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When working on technological products — from smartphones and websites to water pumps — designers should keep disabled users in mind from the outset, according to several speakers I heard at a conference last month. Doing this means that products can be used by people with any disability, and that companies have the largest market possible for their wares. 

A similar message needs to get through to the designers of clinical trials, to paraphrase Celia Fisher, director of the Center for Ethics Education at Fordham University in the United States, who I bumped into over coffee at the same meeting. Trials can — and should — be designed so people with disabilities are included, she told me.

They often aren’t because of a misapplication of the principle of informed consent — the idea that participants in trials should understand the potential risks and benefits involved. This is a priority for institutional review boards, the bodies that oversee the ethical conduction of trials, because it is seen as the best way to avoid pressurising or exploiting people.

“Many times, review boards think people with intellectual disabilities should be excluded so we can protect them from coercion or not really understanding the research they’re in,” says Fisher.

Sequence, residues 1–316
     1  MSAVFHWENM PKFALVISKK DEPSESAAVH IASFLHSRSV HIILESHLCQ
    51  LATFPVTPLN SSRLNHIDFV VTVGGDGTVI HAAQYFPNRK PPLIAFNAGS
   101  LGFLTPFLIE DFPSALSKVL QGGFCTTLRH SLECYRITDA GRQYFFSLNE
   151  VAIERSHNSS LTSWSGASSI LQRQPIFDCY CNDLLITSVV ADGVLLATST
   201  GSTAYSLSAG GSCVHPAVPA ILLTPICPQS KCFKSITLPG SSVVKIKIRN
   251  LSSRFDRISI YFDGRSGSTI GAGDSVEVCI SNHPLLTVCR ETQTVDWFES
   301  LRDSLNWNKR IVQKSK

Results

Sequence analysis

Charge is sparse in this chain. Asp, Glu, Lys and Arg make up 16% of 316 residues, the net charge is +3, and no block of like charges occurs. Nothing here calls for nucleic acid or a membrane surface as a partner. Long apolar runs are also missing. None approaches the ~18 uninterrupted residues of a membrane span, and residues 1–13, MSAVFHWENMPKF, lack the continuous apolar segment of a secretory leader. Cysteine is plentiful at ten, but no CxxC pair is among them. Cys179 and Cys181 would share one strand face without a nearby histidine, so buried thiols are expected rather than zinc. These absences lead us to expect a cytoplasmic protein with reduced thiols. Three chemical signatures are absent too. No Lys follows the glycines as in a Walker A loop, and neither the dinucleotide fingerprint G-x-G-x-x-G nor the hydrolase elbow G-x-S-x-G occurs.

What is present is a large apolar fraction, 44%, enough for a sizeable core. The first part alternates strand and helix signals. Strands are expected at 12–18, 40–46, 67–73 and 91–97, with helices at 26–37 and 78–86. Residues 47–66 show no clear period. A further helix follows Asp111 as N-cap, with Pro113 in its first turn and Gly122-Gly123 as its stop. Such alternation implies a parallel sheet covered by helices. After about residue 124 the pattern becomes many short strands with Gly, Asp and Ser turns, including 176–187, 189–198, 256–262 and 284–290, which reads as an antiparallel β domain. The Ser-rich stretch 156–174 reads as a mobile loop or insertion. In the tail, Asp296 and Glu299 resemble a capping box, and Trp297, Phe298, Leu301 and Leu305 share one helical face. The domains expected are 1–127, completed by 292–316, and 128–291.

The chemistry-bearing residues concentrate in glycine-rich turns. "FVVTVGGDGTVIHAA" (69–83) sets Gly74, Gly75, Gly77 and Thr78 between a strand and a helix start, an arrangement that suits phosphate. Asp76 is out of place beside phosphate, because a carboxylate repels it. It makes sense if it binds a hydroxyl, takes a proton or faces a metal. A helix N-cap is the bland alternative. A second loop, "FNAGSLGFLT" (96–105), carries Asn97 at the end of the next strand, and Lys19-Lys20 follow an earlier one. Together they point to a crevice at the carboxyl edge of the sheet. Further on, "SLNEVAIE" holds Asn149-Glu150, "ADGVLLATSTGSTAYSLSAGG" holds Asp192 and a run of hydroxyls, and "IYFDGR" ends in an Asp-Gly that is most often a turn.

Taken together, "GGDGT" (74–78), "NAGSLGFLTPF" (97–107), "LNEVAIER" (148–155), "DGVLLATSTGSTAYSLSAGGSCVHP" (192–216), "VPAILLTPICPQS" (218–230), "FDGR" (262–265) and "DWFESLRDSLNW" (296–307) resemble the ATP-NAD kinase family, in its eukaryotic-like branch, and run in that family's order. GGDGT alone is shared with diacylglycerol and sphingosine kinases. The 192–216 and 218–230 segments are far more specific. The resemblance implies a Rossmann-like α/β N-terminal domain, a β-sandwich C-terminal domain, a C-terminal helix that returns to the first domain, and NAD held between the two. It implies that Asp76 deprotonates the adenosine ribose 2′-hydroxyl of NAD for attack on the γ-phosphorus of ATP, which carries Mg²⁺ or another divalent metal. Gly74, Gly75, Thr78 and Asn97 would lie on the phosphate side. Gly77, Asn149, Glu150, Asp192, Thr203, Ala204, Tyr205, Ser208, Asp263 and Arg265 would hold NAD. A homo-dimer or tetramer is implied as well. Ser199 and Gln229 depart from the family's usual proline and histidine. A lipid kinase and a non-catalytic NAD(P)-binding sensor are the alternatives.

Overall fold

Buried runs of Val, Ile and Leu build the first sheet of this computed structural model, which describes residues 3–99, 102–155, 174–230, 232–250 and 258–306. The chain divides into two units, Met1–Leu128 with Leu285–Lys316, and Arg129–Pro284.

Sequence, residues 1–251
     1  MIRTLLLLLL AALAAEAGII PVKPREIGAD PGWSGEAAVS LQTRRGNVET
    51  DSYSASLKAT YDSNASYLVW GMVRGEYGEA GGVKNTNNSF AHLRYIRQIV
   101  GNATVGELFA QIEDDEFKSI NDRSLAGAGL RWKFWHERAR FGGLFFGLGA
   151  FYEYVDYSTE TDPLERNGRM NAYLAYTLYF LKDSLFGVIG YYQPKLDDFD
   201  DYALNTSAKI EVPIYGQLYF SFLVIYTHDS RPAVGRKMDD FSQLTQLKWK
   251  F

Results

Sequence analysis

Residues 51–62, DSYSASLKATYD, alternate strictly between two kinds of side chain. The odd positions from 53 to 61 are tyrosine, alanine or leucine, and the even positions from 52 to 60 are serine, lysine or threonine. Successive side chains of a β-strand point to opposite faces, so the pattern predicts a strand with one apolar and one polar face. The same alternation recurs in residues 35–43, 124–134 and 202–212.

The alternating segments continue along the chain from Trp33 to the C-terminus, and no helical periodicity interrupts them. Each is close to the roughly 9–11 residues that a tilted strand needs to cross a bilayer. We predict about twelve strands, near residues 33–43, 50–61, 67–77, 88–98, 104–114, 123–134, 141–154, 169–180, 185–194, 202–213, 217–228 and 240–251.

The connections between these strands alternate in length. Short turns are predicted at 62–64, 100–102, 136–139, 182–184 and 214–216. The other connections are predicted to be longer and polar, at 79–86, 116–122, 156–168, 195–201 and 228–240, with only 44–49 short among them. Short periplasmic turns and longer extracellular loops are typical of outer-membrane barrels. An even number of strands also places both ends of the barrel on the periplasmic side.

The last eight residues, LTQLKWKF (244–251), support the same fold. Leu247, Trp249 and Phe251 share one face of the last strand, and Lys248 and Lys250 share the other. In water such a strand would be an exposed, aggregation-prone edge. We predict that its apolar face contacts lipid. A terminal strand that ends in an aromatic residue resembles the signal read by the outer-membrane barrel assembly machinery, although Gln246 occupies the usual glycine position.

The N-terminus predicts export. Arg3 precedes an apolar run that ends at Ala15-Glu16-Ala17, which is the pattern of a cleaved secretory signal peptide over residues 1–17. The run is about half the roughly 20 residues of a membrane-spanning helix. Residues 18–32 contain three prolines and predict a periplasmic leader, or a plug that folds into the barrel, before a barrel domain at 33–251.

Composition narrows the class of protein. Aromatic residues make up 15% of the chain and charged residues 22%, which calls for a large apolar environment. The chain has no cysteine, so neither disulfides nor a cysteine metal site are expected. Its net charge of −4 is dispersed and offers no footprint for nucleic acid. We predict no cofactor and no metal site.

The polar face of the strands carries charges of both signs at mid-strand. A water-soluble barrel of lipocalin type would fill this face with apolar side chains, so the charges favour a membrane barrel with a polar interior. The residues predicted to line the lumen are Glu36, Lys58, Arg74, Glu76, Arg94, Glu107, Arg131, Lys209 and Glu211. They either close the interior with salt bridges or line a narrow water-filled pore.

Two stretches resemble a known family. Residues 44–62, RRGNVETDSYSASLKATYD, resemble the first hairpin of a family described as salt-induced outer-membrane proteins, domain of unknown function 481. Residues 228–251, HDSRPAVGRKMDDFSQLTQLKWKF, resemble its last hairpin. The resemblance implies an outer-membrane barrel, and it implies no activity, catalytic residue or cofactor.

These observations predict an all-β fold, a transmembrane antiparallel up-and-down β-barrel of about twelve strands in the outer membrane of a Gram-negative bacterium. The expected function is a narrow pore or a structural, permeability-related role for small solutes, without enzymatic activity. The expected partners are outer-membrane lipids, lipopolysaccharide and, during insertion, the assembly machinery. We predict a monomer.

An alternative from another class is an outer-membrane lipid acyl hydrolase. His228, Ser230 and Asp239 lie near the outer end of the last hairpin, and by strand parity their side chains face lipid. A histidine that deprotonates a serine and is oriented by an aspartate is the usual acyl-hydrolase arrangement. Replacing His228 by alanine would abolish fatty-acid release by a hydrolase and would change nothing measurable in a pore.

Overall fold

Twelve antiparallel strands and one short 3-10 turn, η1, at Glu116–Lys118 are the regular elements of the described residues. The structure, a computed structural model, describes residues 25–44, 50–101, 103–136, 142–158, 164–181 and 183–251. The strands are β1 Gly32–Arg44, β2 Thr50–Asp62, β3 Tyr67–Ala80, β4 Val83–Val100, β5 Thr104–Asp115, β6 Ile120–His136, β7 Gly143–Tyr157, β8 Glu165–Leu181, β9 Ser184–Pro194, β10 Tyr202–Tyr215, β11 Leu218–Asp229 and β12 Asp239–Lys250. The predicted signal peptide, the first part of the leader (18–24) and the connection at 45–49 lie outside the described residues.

“Now the problem with that is that treatments for different health problems are not always effective in all populations, so if people with intellectual, or other disabilities, are not included then it violates the principle of justice, because they don’t have the opportunity to benefit from information that can be derived from that research.”

Fisher’s solution is what she calls the ‘goodness-of-fit’ ethic, an approach she developed and which, she says, has gained approval among her colleagues. The idea is that researchers should adapt the way in which they obtain informed consent to the intellectual strengths and vulnerabilities of the individuals they are recruiting. [1]

For example, Fisher cites her experience of asking intellectually impaired adults participating in a trial if they understood that their data would be kept confidential. In one of her studies, researchers explained confidentiality using phrases like: ‘we won’t put your name on the data’ and ‘we won’t tell anyone about it’.

“These adults would often respond: ‘So you’ll put it in a drawer?’” she tells me. “If we were going to do a straight test of whether they understood what we said, we might say they got it wrong. But for them, that’s how you keep something secret. We should understand that fact, not denigrate their comprehension.”


[1] Celia B. Fisher The Goodness-of-Fit Ethic for Informed Consent (Fordham Urban Law Journal, 2002)